Albany County is investigating allegations of welfare fraud after a man walked into the Department of Social Services office Tuesday afternoon with a bag stuffed with $79,600 — all in $100 bills — and claimed his wife had fraudulently collected it from the county, Sheriff Craig Apple said.
Apple said the story provided to investigators was this: The couple had apparently quarreled and during the row the woman, 45, threatened to report her husband, 33, for being in the country illegally before storming out of their Washington Avenue home.
Once the woman had left, the man countered by taking the stash of cash from the closet and heading down to the DSS office on Washington Avenue, where he handed it over and claimed she had collected the money illegally while also working as a cleaner, Apple said. “He brought it in and gave it to them, and they were all like, ‘Huh?'” Apple said.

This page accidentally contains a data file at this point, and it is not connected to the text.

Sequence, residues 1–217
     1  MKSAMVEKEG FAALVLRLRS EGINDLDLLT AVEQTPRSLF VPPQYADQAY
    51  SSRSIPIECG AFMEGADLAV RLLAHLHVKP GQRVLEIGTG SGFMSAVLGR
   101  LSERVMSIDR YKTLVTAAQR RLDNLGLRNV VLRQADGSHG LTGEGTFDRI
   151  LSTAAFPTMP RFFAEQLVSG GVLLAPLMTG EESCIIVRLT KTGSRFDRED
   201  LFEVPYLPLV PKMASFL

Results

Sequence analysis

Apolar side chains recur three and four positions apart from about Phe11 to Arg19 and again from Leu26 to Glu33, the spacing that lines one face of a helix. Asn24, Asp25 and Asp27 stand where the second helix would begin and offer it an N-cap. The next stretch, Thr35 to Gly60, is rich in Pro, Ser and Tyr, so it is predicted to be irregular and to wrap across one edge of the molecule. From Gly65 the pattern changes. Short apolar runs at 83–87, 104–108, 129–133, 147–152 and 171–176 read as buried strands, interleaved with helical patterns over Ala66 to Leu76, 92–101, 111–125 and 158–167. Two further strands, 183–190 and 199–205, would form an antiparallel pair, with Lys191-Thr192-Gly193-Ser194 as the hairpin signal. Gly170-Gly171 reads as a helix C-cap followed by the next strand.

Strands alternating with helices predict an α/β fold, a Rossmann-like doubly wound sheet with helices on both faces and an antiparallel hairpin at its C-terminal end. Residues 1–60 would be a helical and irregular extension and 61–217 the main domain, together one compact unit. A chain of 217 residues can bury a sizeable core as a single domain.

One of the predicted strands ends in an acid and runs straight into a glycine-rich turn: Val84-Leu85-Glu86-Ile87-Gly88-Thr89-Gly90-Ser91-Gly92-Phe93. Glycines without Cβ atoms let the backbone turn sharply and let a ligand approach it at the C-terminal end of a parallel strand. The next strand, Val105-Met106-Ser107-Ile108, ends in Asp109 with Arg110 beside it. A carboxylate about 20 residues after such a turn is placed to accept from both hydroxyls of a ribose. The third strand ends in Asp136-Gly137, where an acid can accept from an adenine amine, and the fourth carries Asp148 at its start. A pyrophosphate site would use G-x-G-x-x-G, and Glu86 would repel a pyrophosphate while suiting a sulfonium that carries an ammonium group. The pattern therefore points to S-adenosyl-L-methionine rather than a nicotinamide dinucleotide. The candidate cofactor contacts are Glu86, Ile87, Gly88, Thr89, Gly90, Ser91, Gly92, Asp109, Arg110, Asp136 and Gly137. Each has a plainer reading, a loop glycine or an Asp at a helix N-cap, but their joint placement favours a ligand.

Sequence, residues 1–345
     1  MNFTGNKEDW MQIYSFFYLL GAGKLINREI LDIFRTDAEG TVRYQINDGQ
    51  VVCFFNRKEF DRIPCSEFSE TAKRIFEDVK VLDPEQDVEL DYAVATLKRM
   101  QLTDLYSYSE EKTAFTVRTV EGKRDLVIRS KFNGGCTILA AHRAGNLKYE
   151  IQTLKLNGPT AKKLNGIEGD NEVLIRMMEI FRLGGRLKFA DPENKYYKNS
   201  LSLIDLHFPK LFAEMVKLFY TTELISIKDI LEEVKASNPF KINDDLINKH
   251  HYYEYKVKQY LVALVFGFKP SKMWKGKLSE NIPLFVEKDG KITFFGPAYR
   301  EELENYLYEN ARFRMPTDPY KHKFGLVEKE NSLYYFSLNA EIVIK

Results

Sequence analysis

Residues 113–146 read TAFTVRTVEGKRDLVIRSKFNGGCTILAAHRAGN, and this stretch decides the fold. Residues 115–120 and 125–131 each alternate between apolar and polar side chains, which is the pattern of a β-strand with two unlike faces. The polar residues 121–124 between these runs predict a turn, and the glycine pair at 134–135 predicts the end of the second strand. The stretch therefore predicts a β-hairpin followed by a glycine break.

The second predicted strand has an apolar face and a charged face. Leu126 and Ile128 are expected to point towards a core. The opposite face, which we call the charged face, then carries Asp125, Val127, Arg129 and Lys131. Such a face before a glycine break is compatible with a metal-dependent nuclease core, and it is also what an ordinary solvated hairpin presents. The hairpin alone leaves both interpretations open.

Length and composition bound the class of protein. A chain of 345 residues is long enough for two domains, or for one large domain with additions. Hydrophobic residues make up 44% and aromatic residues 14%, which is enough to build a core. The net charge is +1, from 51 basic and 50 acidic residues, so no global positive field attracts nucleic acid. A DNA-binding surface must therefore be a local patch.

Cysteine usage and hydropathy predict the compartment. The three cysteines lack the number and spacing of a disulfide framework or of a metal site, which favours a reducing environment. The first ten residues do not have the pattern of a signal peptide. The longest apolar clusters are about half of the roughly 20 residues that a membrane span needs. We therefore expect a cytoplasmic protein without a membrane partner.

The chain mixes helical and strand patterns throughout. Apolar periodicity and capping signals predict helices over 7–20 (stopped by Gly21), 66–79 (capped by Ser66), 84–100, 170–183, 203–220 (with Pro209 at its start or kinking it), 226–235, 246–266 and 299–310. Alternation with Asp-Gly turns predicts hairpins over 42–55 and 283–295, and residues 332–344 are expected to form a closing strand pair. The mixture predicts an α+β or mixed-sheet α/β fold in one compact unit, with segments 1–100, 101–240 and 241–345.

The man was insistent he would not leave with the money, forcing DSS to call in the sheriff’s office to take custody of the alleged illicit bounty.
“Initially she’s claiming that the money is from a house she sold in Mexico,” the sheriff said, adding that authorities were skeptical of that account. “We don’t know that a crime has been committed,” Apple said. “Our investigators are trying to get to the bottom of it to see if they can trace the cash.”
Among other leads, Apple said investigators are attempting to track down the woman’s cleaning clients.
News of the case broke Wednesday when County Executive Dan McCoy’s office released a carefully worded statement confirming the money had been turned over to authorities and an investigation launched.
Mary Rozak, a spokeswoman for Albany County, said she could not disclose more about the case because of that inquiry.
“Our DSS investigators have launched an examination,” McCoy said in a statement. “They take every tip seriously and have uncovered tens of thousands of dollars of fraudulent claims over the past several years that have resulted in restitution paid to Albany County.”
Rozak said investigators working for DSS detected $170,821 in fraud last year and won $105,560 in restitution payments.
Another $2.4 million in potential fraud was avoided through early detection, she said.